A YouTube video I created to help explain the basics of using Google Documents within the Google Drive suite to create, edit and share documents. It was written for young adult learners as an alternative to purchasing Microsoft Word, and has the added benefits of being editable on portable devices.
When developing online courses, there are a number of potential design principles to consider, particularly if you have adult students. Some potential design principles might be:
(1) An effective, cohesive electronic community of learners with a strong sense of presence, perhaps involving personal introductions, email contact, forums and chat rooms.
(2) Provision of authentic, meaningful activities and feedback through real-world assessment, keeping a journal, or posting to a blog or wiki.
(3) Critical reflective practice, as evidenced by observations of/by colleagues, and follow-up feedback conferences.
(4) Learning that is interactive, collaborative, social and learner-centred, perhaps employing electronic white board activities, various technologies, group work and projects based on student interests.
(5) Dynamic, lifelong learning opportunities involving ongoing opportunities for communication between members and for further studies, possibly through an alumni association.
There are many possibilities for using word clouds in language courses. I've listed around 35 of them here with a few hints on what to do.
- preview a presentation or a text
- preview the current day’s lesson plan
- predict the content of a text e.g. topics, style, purpose, intended audience
- predict the content of a novel e.g. plot lines, characters, genre or themes as group work
- complete reading comprehension questions just from a word cloud, then comparing answers after reading the actual text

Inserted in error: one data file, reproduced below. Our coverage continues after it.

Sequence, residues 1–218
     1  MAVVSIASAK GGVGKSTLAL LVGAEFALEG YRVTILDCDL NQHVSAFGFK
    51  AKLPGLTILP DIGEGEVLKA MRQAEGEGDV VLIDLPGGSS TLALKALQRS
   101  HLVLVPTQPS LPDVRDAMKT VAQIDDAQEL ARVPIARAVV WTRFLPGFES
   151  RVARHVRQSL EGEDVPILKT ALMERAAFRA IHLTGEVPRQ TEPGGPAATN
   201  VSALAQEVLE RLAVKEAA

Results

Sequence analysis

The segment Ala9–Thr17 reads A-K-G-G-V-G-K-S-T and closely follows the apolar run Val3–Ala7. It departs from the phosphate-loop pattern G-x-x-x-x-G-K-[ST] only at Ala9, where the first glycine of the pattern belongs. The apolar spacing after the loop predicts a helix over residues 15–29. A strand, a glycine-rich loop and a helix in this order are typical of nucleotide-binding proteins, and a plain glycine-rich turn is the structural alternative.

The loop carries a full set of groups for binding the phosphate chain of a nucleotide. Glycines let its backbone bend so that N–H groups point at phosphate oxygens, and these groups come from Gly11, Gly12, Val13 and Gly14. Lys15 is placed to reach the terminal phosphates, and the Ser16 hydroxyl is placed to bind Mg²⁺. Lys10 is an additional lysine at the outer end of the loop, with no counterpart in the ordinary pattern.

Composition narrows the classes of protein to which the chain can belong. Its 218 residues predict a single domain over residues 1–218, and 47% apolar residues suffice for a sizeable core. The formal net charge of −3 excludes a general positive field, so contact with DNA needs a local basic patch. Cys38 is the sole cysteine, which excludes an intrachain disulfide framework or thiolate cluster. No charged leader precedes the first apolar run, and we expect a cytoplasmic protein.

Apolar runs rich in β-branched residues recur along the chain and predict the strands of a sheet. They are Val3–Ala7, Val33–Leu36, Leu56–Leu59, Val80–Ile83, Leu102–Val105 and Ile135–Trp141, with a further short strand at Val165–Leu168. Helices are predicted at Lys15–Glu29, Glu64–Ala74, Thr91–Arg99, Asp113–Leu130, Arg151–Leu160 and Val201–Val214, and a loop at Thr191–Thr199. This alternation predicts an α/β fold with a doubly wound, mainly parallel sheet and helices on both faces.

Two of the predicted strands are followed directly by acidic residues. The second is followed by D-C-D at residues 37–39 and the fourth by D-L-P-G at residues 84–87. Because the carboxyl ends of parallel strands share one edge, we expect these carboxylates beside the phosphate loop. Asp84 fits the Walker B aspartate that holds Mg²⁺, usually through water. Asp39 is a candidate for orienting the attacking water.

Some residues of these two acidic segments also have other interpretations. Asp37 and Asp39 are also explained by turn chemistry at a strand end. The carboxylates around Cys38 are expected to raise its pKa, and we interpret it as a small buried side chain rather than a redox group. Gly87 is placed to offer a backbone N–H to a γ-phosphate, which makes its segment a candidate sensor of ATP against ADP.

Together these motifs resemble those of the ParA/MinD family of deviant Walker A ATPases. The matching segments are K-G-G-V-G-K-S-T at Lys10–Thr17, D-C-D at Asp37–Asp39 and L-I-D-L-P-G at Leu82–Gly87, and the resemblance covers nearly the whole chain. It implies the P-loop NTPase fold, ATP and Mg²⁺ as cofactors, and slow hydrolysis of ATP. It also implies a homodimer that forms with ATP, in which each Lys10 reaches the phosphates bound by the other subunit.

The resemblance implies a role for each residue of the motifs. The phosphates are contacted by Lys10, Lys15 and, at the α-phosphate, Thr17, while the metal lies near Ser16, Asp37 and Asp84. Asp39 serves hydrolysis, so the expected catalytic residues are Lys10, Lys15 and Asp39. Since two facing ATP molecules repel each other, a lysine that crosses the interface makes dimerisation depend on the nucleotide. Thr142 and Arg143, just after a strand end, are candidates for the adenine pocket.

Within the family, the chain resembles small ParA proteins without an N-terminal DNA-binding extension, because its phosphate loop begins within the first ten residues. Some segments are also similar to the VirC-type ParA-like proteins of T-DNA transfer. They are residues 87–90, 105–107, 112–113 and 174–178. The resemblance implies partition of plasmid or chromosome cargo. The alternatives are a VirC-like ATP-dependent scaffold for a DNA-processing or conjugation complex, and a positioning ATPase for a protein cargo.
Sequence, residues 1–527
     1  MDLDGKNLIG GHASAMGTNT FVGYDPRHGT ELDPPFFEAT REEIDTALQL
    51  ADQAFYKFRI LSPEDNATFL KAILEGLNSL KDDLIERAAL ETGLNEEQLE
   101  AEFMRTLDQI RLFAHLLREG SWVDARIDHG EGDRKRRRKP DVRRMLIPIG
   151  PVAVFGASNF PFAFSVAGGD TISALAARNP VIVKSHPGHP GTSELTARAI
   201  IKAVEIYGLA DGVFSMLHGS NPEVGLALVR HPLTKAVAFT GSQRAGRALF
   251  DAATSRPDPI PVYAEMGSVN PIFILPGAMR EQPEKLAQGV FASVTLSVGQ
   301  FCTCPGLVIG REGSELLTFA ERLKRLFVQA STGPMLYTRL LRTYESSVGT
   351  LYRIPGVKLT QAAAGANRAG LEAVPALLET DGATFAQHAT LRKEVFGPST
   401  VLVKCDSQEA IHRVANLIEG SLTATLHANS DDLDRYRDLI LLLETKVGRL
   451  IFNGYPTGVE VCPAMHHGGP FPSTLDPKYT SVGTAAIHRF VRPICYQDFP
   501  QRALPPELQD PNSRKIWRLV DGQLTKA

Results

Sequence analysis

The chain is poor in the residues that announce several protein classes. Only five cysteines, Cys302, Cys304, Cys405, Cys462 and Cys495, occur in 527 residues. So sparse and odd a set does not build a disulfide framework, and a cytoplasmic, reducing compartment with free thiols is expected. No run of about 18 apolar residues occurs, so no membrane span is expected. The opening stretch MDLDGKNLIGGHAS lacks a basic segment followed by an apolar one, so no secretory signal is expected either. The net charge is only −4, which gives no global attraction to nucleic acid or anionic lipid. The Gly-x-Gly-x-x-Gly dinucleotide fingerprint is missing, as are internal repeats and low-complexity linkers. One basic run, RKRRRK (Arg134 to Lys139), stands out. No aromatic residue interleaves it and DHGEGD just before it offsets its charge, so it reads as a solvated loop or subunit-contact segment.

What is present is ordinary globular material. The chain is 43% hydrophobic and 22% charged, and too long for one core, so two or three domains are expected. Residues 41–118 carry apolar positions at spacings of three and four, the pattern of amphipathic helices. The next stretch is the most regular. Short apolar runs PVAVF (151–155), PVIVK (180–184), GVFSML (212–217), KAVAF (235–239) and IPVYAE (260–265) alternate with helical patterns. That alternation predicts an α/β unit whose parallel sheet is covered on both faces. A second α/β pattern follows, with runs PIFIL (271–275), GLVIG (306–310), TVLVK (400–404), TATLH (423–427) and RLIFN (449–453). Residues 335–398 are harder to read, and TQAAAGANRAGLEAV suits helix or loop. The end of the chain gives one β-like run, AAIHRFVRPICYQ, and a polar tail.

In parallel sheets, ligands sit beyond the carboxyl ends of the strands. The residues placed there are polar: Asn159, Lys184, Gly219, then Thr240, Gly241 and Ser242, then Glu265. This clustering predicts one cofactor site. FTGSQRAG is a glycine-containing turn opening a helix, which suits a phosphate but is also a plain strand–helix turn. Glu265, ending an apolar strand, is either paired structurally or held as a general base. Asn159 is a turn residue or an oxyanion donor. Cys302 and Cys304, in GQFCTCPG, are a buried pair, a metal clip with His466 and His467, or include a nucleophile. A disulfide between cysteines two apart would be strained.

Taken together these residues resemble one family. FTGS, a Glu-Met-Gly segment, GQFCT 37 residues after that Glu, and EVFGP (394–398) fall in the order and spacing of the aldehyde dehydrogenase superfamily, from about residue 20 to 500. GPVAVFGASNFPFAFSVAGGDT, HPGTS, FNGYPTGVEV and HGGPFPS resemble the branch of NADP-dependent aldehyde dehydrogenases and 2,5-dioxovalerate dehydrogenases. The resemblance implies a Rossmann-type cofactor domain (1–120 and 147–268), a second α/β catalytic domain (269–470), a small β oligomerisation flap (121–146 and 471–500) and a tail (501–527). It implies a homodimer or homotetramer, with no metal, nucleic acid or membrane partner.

- summarise a presentation
- turn a text into a picture (essay, report, paragraph, article, etc.)
- identify the key words in a text based on their size in the word cloud
- expanding vocabulary (definitions, synonyms, antonyms, or brainstorm words associated with a new one, match parts of collocations)
- student-created flashcards of essential words (review, circle unknown, learn)
- discussion starter (student chooses one word from cloud to speak about)
- add to printed or online course materials
- use as a background for slides or online materials
- compare student responses (make one cloud, or separate ones to compare)
- explore a topic (students add own ideas to a question stimulus & build a cloud)
- take a quick class poll or track a poll over time (multiple clouds side-by-side)
- introduce new course, syllabus or module (provides an overview of content)
- introduce course objectives
- student ice-breaker e.g. all input hobbies, interests, future aspirations, family, pets, favourite films or books, country of origin, etc.
- highlight the main areas to focus on from rubrics to gain the best grades
- highlight examples of misspelled or overused words in student writing by inputting their own work
- illustrate contrasting ideas (show two clouds side-by-side), such as opposing arguments in essays or articles
- research texts from multiple sources then combine them into a cloud
- ‘find the words’ game (e.g. mix academic & non-academic in a cloud & identify)